"The road link is an absolutely essential piece for us. We have a huge opportunity to attract investment and industry over the coming decades thanks to the advantage that the estuary's unique deep-water gives us. But we will not be able to deliver on these plans unless there is a quality transport network.
"Heavy goods traffic alone could increase by as much as 350% over the life time of our Vision 2041 Masterplan. The N69 is inadequate as things stand, let alone with a tripling of heavy goods traffic. The development of this high quality road to connect Foynes with Limerick is, therefore, essential. Otherwise growth will be seriously constrained and opportunities will be lost."
Mr Keating said that the announcement is a definite show of commitment to the project by the Department of Transport, the NRA, the Mid West National Roads Design Office and the local authority.
"We cited the importance of this road link when we launched Vision 2041 and to have such a prompt commitment is very encouraging. We look forward now to the selection of a preferred route in 2014, followed by the public consultation process and then on to the actual delivery of the new road."
#ShannonEXERCISE- A two-day exercise held on the Shannon Estuary last week was a first in Europe, in that it involved testing Smartly Remotely Operated Submarines and Unmanned Aerial Vehicles.
The exercise replicating the scenario of a 43,000 tonne container ship 'Marée Noire' suffering hull damage when impacting with rock entering the Shannon Estuary due to loss of steering and floundering off the coast of Scattery Island.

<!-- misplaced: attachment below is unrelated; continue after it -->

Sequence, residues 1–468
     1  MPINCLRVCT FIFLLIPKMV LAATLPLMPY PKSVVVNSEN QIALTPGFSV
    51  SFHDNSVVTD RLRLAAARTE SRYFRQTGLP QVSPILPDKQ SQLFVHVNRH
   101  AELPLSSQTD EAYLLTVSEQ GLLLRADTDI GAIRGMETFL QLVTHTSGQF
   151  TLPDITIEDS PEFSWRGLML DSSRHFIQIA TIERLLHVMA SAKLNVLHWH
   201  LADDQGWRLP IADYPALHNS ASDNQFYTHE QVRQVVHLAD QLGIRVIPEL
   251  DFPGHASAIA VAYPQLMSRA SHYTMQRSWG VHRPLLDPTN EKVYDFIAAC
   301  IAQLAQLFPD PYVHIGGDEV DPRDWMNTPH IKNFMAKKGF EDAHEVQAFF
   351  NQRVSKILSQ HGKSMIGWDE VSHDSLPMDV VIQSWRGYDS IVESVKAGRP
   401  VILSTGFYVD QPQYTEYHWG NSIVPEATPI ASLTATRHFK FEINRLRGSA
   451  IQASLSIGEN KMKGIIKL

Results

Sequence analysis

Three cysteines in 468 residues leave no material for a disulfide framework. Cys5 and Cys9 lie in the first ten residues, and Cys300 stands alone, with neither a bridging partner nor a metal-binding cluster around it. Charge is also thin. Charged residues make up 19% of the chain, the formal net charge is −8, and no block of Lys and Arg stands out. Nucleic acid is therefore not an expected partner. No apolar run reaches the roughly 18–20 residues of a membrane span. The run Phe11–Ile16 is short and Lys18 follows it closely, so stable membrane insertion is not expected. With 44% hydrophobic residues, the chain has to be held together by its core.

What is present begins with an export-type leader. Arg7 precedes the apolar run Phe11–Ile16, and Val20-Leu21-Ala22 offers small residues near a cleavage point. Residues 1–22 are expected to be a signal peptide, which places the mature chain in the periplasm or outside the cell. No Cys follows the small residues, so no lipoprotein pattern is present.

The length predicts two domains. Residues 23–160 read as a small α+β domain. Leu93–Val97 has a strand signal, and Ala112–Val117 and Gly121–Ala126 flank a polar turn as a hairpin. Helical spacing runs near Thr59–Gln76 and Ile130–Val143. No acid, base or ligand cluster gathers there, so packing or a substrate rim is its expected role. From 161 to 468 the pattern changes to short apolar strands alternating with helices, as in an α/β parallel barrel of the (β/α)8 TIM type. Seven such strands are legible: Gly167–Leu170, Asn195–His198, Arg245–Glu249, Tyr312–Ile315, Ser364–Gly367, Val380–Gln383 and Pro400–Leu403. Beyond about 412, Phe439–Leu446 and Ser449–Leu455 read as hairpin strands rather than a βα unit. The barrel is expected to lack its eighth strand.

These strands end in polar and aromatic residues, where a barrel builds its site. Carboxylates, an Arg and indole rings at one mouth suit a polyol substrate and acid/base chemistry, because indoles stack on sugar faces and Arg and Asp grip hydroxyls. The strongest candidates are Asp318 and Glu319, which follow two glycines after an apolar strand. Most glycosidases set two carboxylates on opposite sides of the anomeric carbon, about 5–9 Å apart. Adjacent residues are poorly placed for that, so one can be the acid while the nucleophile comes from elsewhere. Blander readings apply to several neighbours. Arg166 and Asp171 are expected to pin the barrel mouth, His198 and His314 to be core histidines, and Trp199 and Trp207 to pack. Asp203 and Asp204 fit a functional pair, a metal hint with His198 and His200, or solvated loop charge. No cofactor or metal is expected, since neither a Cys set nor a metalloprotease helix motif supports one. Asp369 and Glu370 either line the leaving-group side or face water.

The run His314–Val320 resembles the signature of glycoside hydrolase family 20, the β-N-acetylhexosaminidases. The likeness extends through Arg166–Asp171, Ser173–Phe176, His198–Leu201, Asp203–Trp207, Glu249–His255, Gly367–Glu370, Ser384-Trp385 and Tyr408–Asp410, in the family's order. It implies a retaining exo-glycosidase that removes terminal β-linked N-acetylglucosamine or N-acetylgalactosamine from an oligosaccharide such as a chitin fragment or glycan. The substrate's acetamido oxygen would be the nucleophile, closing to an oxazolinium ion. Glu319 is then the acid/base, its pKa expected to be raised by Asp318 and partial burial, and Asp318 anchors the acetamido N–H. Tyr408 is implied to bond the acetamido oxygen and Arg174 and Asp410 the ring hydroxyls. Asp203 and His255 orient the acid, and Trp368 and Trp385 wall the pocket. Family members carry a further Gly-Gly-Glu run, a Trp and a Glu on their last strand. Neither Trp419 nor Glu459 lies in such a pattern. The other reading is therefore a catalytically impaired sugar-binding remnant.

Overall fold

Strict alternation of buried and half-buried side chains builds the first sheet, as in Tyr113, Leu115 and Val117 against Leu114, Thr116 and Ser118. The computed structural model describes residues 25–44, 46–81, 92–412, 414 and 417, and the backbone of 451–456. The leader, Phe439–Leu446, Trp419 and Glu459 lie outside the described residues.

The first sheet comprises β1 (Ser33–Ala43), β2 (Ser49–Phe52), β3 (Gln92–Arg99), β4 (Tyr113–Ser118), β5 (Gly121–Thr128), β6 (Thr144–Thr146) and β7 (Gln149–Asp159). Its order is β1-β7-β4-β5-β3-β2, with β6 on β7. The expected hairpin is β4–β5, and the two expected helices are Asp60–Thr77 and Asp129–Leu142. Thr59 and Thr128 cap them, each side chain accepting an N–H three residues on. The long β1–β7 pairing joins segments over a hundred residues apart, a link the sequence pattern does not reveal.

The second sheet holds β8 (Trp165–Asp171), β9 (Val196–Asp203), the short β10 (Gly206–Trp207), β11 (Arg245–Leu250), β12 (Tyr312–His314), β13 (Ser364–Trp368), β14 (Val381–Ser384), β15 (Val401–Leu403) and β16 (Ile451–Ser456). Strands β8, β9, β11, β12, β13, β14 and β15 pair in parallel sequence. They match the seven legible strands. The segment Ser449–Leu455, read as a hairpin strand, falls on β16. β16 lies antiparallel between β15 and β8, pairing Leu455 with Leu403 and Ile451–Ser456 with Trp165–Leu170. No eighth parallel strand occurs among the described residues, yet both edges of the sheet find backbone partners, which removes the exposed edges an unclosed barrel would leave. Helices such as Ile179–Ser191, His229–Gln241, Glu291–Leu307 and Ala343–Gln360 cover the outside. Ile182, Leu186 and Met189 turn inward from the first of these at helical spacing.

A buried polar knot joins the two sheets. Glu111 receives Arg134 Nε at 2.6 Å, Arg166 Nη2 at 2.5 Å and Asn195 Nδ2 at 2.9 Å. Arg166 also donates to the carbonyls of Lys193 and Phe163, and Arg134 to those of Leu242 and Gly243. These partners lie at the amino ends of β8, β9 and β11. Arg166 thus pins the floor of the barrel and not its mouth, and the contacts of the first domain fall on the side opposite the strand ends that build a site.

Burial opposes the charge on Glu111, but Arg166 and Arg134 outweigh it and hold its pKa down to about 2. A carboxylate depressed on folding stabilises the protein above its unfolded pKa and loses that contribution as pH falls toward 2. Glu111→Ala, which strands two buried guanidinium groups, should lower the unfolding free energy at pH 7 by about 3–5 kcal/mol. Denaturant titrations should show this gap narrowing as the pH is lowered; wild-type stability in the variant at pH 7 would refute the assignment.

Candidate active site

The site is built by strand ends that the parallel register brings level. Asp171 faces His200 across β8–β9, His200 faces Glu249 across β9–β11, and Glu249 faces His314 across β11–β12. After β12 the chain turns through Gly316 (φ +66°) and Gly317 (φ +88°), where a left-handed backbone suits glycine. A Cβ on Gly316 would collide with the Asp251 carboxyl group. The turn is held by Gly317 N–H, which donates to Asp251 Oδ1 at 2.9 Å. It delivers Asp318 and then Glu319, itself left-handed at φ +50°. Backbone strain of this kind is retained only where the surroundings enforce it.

The estuary off Co. Clare has become a key European test site for a range of highly advanced 'smart technologies' Marine Robots and Unmanned Aerial Vehicles.
The University of Limerick is leading the integration and deployment of the underwater and aerial technologies, within this exercise as part of a European Research Collaboration NETMAR which has Irish, UK, French, Spanish and Portuguese partners.
The exercise is a first in terms of scale and use of robotic platforms as part of Ireland's largest marine emergency response exercise to deal with a major environmental disaster.
The Liberian flagged vessel which has a draft of more than 14m had docked at Aughinish, one of six terminals operated by Shannon Foynes Port Co, near Askeaton, Co. Limerick. The facility is where large sized ships can reach by plying the deep waters of the mid-western waterway that has some 500sq km of navigable estuary.
Following completion of operations of London 2012 at the Aughinish terminal, which is the largest alumina refinery in Europe, the vessel departed the jetty dedicated to importing bauxite to the Russian owned RUSAL plant, and proceeded to anchorage beyond the mouth of the Shannon.
The 229m long X 32m beam vessel had anchored some 3 nautical miles offshore of Ballybunion. The west Kerry venue is another place strongly associated with sport through its world famous golf course, situated on a spectacular stretch of coastline overlooking the Atlantic Ocean.
London 2012 and her sister Beijing 2008, belong to a fleet of approximately 70 vessels, totalling a capacity of 8 million deadweight tons (dwt) and are managed by Tsakos Columbia Shipmanagement (TCM) S.A. of Greece.